I own freehold house but am asked to pay service charge

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  • I own freehold house but am asked to pay service charge

    Wastn't sure where to put this post - it seemed the best fit here...

    I have a freehold house in a private road that has blocks of flats in it. There is a management agent for the flats. I have lived there for 10 years and have never been asked to pay any form of service charge - in fact all the house were all individually told that there was no service charge to pay - due to some loop hole... for this post, let's presume that service charge should be payable...

    I have received a letter from the flats managing agent stating:

    1) They have just realised that they should have been charging me a service charge. They have said that they can only back date it for the last 6 years.

    2) They have produced (without any supporting evidence, and not on any headed paper) annual grounds maintenance costs since 2003. They have added it up, divided it by the total number of flats + houses on the road and said that I owe them £1000

    3) They are willing to discount this figure to £500 if all the houses pay by the end of March 2009.

    4) If it's not paid they will put it with their debt collection agency.

    My questions:
    a) How do I ascertain whether I actually need to pay a service charge ?
    b) Presuming that I do have to...can they demand payment so quickly and so menacingly?
    c) How many years can they actually go back?
    d) What evidence of expenditure should they have produced ?
    e) In this situation, i.e. a freeholder, what are the legitimate charges for service charge. How can one ensure that other bits are not just added in ?


    All comments very welcome.

  • #2
    a. As you have no lease, service charge is payable only if reserved in first sale-off deed (probably Conveyance or Transfer) of your house.

    b. See Deed.

    c. The time limit is usually six years for a contract debt, even if reserved by Deed.

    d/e. See Deed.
    JEFFREY SHAW, solicitor [and Topic Expert], Nether Edge Law*
    1. Public advice is believed accurate, but I accept no legal responsibility except to direct-paying private clients.
    2. Telephone advice: see http://www.landlordzone.co.uk/forums/showthread.php?t=34638.
    3. For paid advice about conveyancing/leaseholds/L&T, contact me* and become a private client.
    4. *- Contact info: click on my name (blue-highlight link).

    Comment


    • #3
      Your solicitor should have explained the position to you when you bought.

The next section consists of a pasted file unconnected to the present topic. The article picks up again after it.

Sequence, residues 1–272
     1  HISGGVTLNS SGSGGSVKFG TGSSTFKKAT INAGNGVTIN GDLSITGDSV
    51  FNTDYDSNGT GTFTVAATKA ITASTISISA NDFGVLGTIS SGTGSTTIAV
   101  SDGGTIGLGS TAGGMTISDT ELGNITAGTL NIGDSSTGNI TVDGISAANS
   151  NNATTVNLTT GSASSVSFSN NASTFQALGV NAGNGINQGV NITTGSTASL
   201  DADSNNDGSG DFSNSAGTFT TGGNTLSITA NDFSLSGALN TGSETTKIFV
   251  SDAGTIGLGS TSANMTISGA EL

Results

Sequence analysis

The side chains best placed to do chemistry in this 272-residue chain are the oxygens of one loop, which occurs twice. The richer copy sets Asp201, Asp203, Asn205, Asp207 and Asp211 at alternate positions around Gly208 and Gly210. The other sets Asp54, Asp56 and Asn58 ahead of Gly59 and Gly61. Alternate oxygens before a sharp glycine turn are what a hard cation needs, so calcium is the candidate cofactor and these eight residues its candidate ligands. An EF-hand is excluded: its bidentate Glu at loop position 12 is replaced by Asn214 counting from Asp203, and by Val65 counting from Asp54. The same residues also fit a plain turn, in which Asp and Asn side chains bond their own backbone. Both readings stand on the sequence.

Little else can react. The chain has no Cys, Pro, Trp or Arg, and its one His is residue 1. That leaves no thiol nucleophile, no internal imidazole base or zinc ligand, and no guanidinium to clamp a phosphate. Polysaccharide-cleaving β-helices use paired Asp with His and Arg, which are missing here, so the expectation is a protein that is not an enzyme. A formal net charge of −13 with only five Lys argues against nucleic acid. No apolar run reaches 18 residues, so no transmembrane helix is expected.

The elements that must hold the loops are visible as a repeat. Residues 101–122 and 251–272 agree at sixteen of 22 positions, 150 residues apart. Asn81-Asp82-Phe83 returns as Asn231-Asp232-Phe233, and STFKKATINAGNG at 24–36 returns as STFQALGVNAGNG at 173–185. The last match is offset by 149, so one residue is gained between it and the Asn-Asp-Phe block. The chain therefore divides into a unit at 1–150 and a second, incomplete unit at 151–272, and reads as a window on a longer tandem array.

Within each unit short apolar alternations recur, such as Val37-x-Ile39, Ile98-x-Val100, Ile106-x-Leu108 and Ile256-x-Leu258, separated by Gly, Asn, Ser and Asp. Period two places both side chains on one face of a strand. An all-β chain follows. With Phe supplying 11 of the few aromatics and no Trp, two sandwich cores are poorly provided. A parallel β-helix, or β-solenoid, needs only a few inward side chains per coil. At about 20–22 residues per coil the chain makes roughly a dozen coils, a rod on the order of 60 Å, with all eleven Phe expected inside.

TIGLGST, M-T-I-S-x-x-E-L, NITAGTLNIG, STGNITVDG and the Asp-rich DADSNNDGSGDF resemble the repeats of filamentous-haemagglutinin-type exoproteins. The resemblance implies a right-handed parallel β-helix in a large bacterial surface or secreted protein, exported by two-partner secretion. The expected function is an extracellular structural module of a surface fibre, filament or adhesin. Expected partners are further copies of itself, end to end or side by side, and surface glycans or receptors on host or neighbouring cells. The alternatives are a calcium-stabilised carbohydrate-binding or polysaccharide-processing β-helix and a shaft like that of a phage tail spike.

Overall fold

There are two ways of documenting these charges:

      1. There can be a variable rent charge which will be binding on successors of the first house buyer just because they own the house.

      2. There can simply be a covenant in the original transfer from the builder to the first buyer whereby he agreed to pay this charge. There should then also have been a provision requiring any buyer of the house in the future to enter into a deed of covenant directly with the management company etc that is charging for the work. This is because positive covenants (e.g. to pay money) are not binding on successors in title just because they own the property in question, unless they have signed a deed to agree to make the payments.

      So if OP wasn't the first purchaser of the new house
      AND
      there is no variable rent charge (need to ask solicitor who acted on purchase or get a copy of the original transfer from the Land Registry at cost of £5 to check if the words "rent charge" are mentioned)
      AND
      he didn't sign a direct deed of covenant when he purchased, he can't be made to pay.
      RICHARD WEBSTER

      As a conveyancing solicitor I believe the information given in the post to be useful (provided it relates to property in England & Wales) but I accept no liability except to fee-paying clients.

      Comment


      • #4
        Unless it is an 'estate rentcharge' [see Rentcharges Act 1977] and the properties are on a building scheme- one of the few ways in which a freehold positive covenant can be enforceable.
        sgbc: you need specialist advice from a solicitor expert in dealing with the recondite rules re rentcharges.
        JEFFREY SHAW, solicitor [and Topic Expert], Nether Edge Law*
        1. Public advice is believed accurate, but I accept no legal responsibility except to direct-paying private clients.
        2. Telephone advice: see http://www.landlordzone.co.uk/forums/showthread.php?t=34638.
        3. For paid advice about conveyancing/leaseholds/L&T, contact me* and become a private client.
        4. *- Contact info: click on my name (blue-highlight link).

        Comment


        • #5
          Sorry, Jeffrey, should have said "estate rentcharge..."
          RICHARD WEBSTER

          As a conveyancing solicitor I believe the information given in the post to be useful (provided it relates to property in England & Wales) but I accept no liability except to fee-paying clients.

          Comment

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